1. Admired icon of the journalist world that will be truly missed. She lead the way for so many women in so many men dominated fields to push through the glass ceilings and did it with poise, grace, integrity, and tenacity. A fine example of what we can all achieve when given the opportunity and support.

  2. beth Says:

    She was definitely a pioneer who led the way for so many women. I love knowing more of her story and the detail of her handwriting the notes is wonderful.

  3. She was a powerful woman. A force to be reckoned with. I think that she was someone that women in all walks of life admired and respected. Truly a trail blazer.

  4. I grew up watching her on the Today Show with my dad and always felt that she was a one of a kind journalist with integrity. She seemed ageless to me.

  5. You know someone has the touch when you lean in to listen to their interviews and Barbara was like that for me. I also loved watching Bill Geist in action and now his son Willie Geist. There are those people that you just tune into and a lot of it for me is their voice, their questioning and even more their listening (and empathy), and then just the candidness and humanness they add in to the interview. There are a few others that come to mind that have me leaning in instead of clicking channels. Happy Day – Enjoy 🙂

  6. Valerie Says:

    I was surprised by her age also. She left an amazing legacy.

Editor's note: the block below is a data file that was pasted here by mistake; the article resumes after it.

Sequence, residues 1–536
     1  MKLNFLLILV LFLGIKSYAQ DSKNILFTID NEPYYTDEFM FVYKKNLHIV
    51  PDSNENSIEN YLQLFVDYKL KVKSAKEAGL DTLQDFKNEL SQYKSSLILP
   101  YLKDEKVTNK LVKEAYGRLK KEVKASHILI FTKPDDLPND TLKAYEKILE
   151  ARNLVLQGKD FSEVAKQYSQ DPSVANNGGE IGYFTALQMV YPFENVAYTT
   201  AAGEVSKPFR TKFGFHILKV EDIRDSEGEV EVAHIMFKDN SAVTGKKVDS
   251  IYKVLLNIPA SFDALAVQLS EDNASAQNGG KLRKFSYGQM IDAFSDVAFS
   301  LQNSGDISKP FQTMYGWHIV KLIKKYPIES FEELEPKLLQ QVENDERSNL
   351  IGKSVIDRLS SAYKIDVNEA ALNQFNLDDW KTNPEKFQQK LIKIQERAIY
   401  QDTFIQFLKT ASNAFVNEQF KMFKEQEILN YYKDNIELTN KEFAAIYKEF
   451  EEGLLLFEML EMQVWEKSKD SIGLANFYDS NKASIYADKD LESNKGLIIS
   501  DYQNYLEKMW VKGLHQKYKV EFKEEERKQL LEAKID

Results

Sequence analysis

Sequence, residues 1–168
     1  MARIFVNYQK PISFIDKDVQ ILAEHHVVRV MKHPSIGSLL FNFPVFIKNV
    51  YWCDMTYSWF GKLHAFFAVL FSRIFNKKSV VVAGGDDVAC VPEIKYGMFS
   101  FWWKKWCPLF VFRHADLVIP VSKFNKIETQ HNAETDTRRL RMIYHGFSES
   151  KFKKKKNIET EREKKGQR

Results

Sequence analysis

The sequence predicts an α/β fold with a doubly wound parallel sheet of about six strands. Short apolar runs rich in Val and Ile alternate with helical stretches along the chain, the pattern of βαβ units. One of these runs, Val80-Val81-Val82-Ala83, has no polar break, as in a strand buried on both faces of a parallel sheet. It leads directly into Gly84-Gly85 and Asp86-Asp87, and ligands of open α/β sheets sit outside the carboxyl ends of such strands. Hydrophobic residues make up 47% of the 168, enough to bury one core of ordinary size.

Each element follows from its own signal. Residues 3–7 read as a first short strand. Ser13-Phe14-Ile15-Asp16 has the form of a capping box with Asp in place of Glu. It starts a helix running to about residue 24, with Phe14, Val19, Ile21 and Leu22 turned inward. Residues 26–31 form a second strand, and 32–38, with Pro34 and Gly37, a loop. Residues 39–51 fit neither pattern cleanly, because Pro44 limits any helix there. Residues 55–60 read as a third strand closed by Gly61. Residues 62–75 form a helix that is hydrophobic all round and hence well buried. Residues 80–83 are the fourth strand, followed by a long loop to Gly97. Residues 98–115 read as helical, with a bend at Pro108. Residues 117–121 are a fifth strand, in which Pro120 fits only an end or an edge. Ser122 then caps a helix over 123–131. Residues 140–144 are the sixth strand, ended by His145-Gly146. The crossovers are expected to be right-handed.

I, too, enjoyed learning she wrote hand-written notes to others. Classy!

  7. Jackie Hemmer Says:

    I too was in disbelief when I heard the news, I had no idea she was in her 90’s. I especially like watching her interviews, she was so caring and conducted herself in a respectful manor. Great woman, she will be missed.

  8. Norma Says:

    I felt the same as you about Barbara Walters. It was too obvious how certain men felt about her. She was the best!!! Her death is a great loss.

    • Indeed, Walters was the best. Good to hear from your Norma. I’ve been thinking of you in California with all the rain and flooding.

      • Norma Says:

        Yes, we’re finally getting rain. Northern and Southern California and the coastal areas are getting the bad weather. One of my grandsons lives in Mt. Shasta, and they have been warned about an avalanche. Here in the valley, we have been getting the wet and windy stuff, which is more than we’ve had in many years. However it hasn’t been extremely cold. It’s staying in the 40’s, 50’s and 60’s. However, it did reach 71 yesterday. It is quite interesting !!

      • I’m thankful you’re finally getting some much-needed rain. I hope your grandson remains safe. Good to hear from you, Norma. Every time we have a winter storm here, I think of you and how much you’ve always wanted to experience a snowstorm.

  9. Sandra Says:

    This is a really nice column. Barbara was a human that would not be happy being any age, not going full into life, much less 93. PBS did an article with her biographer that revealed she got The Today Show by Frank McKee dying unexpectedly in his 50s and a contract stipulation if Frank left, she’d be host. Now, in the world of high powered journalism, she had good legals to not have that broken. She was meant to be. Many have a higher Power to thank. Including all us viewers. She was chosen to be important to history.